JERUSALEM, Israel -- In a pre-construction excavation in Jerusalem, a team of Israeli archaeologists unearthed a section of a major road between the Mediterranean coastal city of Jaffa and Jerusalem.
Israel Antiquities Authority (IAA) archaeologists discovered the ancient thoroughfare in the northern Jerusalem neighborhood of Beit Hanina where city engineers plan to lay a drainage pipe, the IAA said in a press release Tuesday entitled "Greetings from the Roman Empire!"
"This is the first time we have encountered such a finely preserved section of the road in Jerusalem," said an enthusiastic David Yeger, director of the excavation.
The team uncovered curbstones on both sides of the 8-meter (yard) road, built with large flat stones snuggly fitted to make a pleasant walking surface.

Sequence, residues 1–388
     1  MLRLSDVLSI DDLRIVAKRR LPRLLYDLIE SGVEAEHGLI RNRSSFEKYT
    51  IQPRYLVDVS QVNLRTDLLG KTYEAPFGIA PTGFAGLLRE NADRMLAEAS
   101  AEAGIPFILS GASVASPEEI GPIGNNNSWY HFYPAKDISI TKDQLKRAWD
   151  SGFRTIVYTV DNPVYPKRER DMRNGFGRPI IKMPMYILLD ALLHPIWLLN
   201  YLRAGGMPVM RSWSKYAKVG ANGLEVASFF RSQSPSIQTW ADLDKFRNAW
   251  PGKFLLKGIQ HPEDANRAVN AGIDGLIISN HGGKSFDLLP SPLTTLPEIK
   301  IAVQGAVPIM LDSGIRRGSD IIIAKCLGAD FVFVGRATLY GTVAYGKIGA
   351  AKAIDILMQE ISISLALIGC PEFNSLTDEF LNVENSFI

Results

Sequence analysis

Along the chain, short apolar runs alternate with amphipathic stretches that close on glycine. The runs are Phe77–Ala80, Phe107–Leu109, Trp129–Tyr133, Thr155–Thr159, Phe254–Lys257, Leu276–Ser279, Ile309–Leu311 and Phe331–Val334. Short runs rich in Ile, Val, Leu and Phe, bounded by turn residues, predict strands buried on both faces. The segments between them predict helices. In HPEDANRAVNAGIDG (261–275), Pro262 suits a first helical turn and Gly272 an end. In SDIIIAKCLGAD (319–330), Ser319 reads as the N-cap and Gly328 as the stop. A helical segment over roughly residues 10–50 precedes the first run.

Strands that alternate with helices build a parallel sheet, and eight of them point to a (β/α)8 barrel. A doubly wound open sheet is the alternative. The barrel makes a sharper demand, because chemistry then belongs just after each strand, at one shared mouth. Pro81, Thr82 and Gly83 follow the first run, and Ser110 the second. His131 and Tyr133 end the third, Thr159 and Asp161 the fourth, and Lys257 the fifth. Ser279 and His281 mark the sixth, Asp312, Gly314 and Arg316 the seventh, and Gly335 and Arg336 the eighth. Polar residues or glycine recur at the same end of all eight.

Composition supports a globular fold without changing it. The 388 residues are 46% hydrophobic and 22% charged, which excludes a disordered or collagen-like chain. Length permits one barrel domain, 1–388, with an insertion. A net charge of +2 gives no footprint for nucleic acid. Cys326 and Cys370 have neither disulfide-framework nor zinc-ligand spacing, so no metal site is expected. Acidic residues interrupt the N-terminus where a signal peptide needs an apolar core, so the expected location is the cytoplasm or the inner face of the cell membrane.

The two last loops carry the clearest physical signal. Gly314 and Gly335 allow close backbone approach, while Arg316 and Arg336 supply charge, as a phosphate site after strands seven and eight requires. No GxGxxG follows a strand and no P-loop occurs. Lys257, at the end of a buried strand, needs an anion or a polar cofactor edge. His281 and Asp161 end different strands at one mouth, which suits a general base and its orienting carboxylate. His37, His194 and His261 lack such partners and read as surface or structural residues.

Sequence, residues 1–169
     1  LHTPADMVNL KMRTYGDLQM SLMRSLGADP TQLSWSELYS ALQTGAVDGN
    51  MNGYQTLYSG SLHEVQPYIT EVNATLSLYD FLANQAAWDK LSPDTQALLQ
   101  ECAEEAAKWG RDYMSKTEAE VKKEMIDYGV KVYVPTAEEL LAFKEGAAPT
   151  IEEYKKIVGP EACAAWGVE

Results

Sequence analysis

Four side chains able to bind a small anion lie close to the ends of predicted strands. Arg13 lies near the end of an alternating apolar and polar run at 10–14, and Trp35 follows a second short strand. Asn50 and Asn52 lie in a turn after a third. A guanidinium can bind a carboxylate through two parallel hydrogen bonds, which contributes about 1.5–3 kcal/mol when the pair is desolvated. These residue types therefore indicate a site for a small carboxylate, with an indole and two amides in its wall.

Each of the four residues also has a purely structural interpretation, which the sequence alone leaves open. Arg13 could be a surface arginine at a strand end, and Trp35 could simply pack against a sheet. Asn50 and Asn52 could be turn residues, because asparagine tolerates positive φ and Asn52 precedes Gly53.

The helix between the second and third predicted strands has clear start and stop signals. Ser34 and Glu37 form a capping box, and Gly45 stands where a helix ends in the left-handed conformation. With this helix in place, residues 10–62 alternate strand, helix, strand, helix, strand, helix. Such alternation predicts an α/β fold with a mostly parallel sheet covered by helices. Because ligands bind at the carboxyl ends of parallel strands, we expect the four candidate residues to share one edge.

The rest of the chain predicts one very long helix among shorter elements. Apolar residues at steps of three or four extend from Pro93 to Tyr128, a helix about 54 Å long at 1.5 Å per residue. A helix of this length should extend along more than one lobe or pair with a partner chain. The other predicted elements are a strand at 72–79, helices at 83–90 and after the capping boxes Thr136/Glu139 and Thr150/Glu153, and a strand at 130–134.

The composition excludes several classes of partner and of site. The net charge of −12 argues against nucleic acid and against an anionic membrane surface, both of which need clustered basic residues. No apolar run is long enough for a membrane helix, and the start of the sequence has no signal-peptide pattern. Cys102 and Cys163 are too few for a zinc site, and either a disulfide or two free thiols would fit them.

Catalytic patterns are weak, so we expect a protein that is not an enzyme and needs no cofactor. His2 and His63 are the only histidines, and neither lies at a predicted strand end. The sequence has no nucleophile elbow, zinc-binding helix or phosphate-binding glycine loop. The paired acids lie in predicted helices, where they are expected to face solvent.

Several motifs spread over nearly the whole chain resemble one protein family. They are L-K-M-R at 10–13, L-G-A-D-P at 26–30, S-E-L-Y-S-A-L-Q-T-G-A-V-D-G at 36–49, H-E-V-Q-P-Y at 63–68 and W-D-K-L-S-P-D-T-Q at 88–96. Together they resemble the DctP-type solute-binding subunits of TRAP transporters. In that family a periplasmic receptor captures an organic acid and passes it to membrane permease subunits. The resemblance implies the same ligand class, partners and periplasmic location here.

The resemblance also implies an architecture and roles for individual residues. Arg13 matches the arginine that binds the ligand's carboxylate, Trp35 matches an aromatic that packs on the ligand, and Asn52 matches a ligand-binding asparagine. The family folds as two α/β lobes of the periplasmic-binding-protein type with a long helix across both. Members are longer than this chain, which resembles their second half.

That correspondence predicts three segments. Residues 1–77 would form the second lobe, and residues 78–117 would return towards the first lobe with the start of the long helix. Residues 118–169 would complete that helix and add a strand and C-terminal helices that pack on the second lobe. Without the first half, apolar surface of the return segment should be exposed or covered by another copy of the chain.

Yeger said some parts of the road were excavated previously, but this section is the most beautifully preserved.
"The Romans attached great importance to the roads in the empire," he said in the IAA press release.
According to Yeger, the Roman occupants invested a lot of money and used the most advanced technology of its time "to crisscross the empire with roads."
This particular section of road is one of an "imperial network of roads" leading from the coastal plain to Jerusalem.
"These [roads] served the government, military, economy and public by providing an efficient and safe means of passage," he explained. "Way stations and roadside inns were built along the roads, as well fortresses…to protect the travelers."